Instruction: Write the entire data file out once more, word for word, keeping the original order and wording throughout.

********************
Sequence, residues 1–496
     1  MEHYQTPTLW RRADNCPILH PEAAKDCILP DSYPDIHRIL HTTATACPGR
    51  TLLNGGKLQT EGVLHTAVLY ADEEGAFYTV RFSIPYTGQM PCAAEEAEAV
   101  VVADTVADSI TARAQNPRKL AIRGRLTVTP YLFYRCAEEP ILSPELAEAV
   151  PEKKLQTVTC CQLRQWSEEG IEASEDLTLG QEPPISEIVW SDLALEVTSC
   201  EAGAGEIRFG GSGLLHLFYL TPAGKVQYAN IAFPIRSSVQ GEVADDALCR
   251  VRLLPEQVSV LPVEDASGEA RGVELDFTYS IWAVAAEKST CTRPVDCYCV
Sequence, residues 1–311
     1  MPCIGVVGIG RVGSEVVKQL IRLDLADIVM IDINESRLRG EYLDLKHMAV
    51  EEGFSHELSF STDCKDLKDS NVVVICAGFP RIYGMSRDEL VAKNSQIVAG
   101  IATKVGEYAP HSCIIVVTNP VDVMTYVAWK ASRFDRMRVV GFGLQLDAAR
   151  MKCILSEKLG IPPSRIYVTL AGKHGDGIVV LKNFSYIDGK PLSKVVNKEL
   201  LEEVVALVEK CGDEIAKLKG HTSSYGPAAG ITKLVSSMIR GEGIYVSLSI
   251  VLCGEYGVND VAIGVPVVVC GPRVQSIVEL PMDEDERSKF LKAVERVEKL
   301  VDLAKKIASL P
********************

Sequence, residues 1–496
     1  MEHYQTPTLW RRADNCPILH PEAAKDCILP DSYPDIHRIL HTTATACPGR
    51  TLLNGGKLQT EGVLHTAVLY ADEEGAFYTV RFSIPYTGQM PCAAEEAEAV
   101  VVADTVADSI TARAQNPRKL AIRGRLTVTP YLFYRCAEEP ILSPELAEAV
   151  PEKKLQTVTC CQLRQWSEEG IEASEDLTLG QEPPISEIVW SDLALEVTSC
   201  EAGAGEIRFG GSGLLHLFYL TPAGKVQYAN IAFPIRSSVQ GEVADDALCR
   251  VRLLPEQVSV LPVEDASGEA RGVELDFTYS IWAVAAEKST CTRPVDCYCV
Sequence, residues 1–311
     1  MPCIGVVGIG RVGSEVVKQL IRLDLADIVM IDINESRLRG EYLDLKHMAV
    51  EEGFSHELSF STDCKDLKDS NVVVICAGFP RIYGMSRDEL VAKNSQIVAG
   101  IATKVGEYAP HSCIIVVTNP VDVMTYVAWK ASRFDRMRVV GFGLQLDAAR
   151  MKCILSEKLG IPPSRIYVTL AGKHGDGIVV LKNFSYIDGK PLSKVVNKEL
   201  LEEVVALVEK CGDEIAKLKG HTSSYGPAAG ITKLVSSMIR GEGIYVSLSI
   251  VLCGEYGVND VAIGVPVVVC GPRVQSIVEL PMDEDERSKF LKAVERVEKL
   301  VDLAKKIASL P